Can I hold the diagnostician directly liable?

No. Asbestos diagnosis is a contract between the seller and the diagnostician. The diagnostic error is therefore a contractual fault, but it also causes damage to the purchaser. The buyer is a third party to the contract. The diagnostician’s civil liability may be sought, as “Any act of man, which causes damage to another, obliges the person by whose fault it occurred to repair it”. Article 1240 of the French Civil Code.

This reasoning is constant in jurisprudence. In a ruling dated October 6, 2006 (no. 05-13.255), the plenary assembly of the Cour de cassation recognized that the extra-contractual liability of the author of a contractual fault could be engaged by a third party to the contract, if the latter had suffered prejudice.

It has also been ruled that the purchaser of a property who has received erroneous information is entitled to seek the tort liability of the diagnostician for the damage caused to him by the technician’s faulty performance of the contract he had entered into with the vendor (3rd Civil Division ruling of the Cour de cassation, July 9, 2020 n°18-23.920.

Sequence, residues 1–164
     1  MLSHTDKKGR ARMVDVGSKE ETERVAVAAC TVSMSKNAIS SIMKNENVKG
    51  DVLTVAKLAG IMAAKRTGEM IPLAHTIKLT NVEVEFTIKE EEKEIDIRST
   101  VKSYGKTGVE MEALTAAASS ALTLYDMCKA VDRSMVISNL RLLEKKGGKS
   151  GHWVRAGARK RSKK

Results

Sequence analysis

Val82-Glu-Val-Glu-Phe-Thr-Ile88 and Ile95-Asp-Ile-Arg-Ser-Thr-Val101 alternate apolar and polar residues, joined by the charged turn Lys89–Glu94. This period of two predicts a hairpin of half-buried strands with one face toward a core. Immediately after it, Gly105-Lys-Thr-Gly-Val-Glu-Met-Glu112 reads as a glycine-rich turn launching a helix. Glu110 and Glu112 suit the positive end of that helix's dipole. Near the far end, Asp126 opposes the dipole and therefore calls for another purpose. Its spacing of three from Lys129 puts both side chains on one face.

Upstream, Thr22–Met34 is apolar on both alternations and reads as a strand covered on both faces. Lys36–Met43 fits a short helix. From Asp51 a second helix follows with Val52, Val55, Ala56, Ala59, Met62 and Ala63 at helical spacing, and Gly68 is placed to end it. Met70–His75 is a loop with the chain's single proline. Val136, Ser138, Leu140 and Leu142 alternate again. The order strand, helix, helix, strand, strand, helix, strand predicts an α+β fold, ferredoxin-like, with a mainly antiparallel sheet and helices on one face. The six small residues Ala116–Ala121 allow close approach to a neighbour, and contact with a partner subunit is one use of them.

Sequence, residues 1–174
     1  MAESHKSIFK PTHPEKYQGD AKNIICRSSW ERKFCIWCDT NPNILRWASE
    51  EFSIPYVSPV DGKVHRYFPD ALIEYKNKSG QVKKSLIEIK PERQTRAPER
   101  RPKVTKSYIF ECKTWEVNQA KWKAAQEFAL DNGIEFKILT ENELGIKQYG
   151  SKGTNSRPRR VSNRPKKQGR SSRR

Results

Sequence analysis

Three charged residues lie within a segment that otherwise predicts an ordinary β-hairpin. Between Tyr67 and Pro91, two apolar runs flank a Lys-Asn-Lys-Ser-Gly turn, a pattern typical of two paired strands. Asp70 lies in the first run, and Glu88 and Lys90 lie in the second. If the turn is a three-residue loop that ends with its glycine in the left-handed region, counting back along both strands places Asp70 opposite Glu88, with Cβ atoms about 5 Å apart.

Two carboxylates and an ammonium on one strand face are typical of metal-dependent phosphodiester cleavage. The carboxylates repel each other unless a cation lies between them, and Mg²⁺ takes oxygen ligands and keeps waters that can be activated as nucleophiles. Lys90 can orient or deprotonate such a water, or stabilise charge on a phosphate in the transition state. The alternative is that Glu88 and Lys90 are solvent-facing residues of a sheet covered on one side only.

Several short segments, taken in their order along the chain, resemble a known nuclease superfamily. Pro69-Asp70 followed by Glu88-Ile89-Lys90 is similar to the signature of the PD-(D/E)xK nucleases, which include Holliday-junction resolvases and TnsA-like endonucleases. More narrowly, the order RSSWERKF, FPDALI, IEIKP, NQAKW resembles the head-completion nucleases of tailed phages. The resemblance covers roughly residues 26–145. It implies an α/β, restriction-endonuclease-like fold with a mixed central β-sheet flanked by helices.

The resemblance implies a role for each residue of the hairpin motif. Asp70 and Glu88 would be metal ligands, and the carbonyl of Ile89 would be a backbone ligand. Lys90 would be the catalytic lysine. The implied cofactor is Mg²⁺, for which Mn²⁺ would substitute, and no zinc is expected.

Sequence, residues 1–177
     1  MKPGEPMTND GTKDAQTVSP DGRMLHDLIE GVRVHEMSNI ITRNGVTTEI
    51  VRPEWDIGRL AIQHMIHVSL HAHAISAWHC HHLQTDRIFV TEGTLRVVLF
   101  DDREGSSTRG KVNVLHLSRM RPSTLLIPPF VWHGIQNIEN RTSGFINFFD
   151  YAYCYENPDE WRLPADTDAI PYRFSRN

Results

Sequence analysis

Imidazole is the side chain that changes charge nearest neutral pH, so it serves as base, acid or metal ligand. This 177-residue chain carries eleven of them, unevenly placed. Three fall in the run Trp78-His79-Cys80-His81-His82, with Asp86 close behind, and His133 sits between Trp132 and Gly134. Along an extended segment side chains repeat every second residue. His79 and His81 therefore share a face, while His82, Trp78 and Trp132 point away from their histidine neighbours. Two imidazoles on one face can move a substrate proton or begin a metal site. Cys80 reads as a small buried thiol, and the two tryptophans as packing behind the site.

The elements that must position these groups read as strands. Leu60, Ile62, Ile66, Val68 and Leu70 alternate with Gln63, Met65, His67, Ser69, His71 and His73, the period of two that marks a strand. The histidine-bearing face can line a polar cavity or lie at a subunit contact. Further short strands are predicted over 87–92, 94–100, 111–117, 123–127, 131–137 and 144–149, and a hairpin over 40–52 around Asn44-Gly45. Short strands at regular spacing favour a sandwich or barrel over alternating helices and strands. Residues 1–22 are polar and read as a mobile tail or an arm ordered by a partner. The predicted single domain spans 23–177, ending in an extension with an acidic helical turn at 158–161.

In addition, any diagnosis produced after April 1, 2013 is valid indefinitely.

As a result, it is possible for the damage for which compensation is due to be passed on to different purchasers in the event of successive sales. For example, a buyer could take action on the basis of extra-contractual liability against a diagnostician who made an error during a previous sale (Civil 3rd ruling of the French Supreme Court, May 19, 2016, 15-12.408).

What is the deadline for taking action?

The first thing to do is declare the discovery of asbestos to your home insurance company and your legal protection plan, if any.

Then, the ordinary statute of limitations applies: five years from the date of the damage, in this case, the discovery of the asbestos (Article 2224 of the French Civil Code).

What is my right to compensation?

The assessment of the buyer’s prejudice has been the subject of debate. Was it :